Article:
10. This is a beautiful tribute from a student. It cut through all of the language games and “methodological pluralism” of the UofC’s poli sci dept. to show how education can shape young people and change a life for the better. That’s the ideal behind applying for graduate school, alas not always realized. The author’s choice of juxtaposing descriptions from different time periods of was powerful. Very Eriksonian!
    If more Americans grew up having the chance to interact with teachers like Lloyd and Susanne Rudolph, and get to know them as people I doubt American society or our politics would be as narrow, fearful of other and limited as it clearly is in 2016.
    After all of the courses, grades and examinations, it’s those too brief human interactions with a scholar that change dispositions, outlooks and perspective –which after figuring out how to pay the rent –should be the goal of higher education as opposed to filling revenue slots. These teachers had a powerful effect upon you in a way a formal model or 2×2 matrix might not. At least such human interaction could make reading the APSR tolerable.
    The author’s graduate experience was a privileged one. It’s exceptional that this level of engagement and care for a gifted student’s development was possible. Insights into such a rarefied community are heartening to read about.
    Thank you for this essay and for letting others get to know the Rudolphs.

  11. Thank you for the brilliant, touching introduction the Rudolphs to those who didn’t know them personally!

  12. There was an impromptu memorial service for Susanne shortly after she died. It was held in the building where they lived. Lloyd attend, sitting through the entire service in a wheelchair. He spoke briefly. Later that afternoon Frank and I sat with him a while talking quietly. We talked about the service and said we thought it very nice that he had spoken. Tired and weak, he asked to be reminded of what he had said. You said, “She was the love of my life,” I reminded him. “Ah yes,” he said.

  13. In very miserable shape, a few days before he died, Lloyd said, “I’ve had a fabulous life. We have three wonderful children. I don’t regret a thing.” Maru Hoeber

  14. Daisy, I’m smiling and I have tears in my eyes. They were wonderful colleagues, and yet, they were even more wonderful as teachers.

  15. Thank you for this wonderful memoir of the incomparable Rudolphs. I only learned today of their passing, and am incredibly sad. As a graduate student in Chicago in the late 1980s-early 1990s, I took courses from both of them, singly and together (Weber, Political Economy, State Formation), and Susanne was on my PhD committee. She kept me going when I might otherwise have given up on political science. In later years, I only saw them a few times – too few. Through their fierce intelligence, integrity, gentility, and friendship, they have left an indelible mark on the world.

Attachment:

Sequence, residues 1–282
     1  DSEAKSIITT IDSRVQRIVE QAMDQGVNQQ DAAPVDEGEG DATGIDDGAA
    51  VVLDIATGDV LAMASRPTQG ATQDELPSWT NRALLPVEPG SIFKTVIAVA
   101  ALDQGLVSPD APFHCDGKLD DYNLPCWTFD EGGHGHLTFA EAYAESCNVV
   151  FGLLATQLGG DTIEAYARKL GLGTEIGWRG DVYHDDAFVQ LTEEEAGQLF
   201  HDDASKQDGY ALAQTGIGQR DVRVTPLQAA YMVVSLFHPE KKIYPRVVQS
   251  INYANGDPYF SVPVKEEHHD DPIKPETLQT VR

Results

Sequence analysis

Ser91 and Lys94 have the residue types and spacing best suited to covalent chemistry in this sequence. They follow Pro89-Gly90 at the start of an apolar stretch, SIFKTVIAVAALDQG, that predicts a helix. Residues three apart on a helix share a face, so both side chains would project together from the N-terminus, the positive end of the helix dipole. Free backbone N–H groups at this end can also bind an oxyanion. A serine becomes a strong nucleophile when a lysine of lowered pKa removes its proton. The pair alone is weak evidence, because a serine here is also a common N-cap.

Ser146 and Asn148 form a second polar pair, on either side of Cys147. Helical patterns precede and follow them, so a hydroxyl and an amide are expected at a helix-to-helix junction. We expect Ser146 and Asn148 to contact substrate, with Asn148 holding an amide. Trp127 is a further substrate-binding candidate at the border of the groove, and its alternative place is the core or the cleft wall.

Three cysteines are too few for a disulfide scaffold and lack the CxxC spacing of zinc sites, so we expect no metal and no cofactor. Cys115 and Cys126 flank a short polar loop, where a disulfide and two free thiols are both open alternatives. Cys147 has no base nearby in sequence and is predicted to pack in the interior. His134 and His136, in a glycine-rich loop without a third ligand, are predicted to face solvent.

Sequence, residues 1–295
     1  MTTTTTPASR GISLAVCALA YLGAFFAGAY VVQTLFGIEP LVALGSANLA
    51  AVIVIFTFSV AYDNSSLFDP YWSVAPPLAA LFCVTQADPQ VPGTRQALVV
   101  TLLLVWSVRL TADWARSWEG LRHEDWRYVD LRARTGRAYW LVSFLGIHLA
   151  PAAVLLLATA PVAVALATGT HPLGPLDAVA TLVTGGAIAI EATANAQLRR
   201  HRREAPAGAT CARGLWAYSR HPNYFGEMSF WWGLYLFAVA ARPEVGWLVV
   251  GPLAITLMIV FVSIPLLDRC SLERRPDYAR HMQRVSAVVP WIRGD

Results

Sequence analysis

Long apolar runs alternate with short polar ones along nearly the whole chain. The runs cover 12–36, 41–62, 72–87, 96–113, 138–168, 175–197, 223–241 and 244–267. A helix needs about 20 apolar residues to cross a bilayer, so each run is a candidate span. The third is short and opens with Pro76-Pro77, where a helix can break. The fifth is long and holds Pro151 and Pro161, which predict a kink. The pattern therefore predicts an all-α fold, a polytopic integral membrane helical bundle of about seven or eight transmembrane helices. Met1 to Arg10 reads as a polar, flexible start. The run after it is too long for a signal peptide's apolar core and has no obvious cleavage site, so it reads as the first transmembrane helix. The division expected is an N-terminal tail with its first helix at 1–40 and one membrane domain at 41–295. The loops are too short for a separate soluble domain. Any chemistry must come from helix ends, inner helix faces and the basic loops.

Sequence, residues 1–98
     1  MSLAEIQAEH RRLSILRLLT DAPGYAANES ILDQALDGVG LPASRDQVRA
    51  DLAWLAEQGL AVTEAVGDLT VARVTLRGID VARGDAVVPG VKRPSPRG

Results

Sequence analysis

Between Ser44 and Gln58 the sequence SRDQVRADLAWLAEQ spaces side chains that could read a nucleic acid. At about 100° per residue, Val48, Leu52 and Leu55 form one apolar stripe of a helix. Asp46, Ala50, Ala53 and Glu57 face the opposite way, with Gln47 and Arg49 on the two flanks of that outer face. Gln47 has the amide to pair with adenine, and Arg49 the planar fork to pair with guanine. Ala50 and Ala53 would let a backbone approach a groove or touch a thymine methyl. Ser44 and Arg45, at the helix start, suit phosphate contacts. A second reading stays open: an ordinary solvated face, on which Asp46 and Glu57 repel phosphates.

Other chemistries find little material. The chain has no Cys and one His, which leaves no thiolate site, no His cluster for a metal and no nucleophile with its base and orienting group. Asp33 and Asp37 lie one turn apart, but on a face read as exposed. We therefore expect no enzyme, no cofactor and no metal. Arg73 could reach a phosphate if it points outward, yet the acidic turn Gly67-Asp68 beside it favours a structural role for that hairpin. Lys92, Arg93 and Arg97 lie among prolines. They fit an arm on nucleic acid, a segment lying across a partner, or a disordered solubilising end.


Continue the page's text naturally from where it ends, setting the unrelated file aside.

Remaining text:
16. Thanks, Daisy, for this brilliant, moving, amusing, all too alive evocation of two wonderful human persons.

  17. Daisy, this is wonderful. Nice details, grand overview. Clarifies for me that a key to their extensive, positive influence upon others was not just their energy or their humanity or their intellectual acumen but, in addition to all those, their incredible inclusivity. They not only played well with others, they enjoyed doing so. Yet another lesson for me from the Rudolphs!

  18. I am quite certain that the “fiercely rational” Susanne and Lloyd would have shrugged off all conventional notions of an afterlife. But that doesn’t mean that they don’t live on. They live gloriously in the minds and memories of students, colleagues, friends, and brothers. You have proven that in this excellent, lovely, completely real memoir.

  19. Many teachers changed my life. Only one became a friend. He is going to die soon, and I think a lot about what that will be like — what I will feel, how I will find out, what things I will miss out on learning from him. Your piece helps.

  20. Daisy, this is such a beautiful remembrance. How lucky you all were to know, love, and learn with each other. Love and light to you…xoxo

  21. My earliest days at Chicago were spent getting intimidated in and around the Squash courts at Henry Crown by Lloyd and Ron Suny. After the games, they would corner me in the locker room and ask my dissertational intentions.

    Moving from there to watching Susanne and Lloyd run the South Asia Seminar– handling Ajay Sakaria one day, Peter Van der Veer the next — with great aplomb…. they were truly ones to emulate. Thank you Daisy for your memories.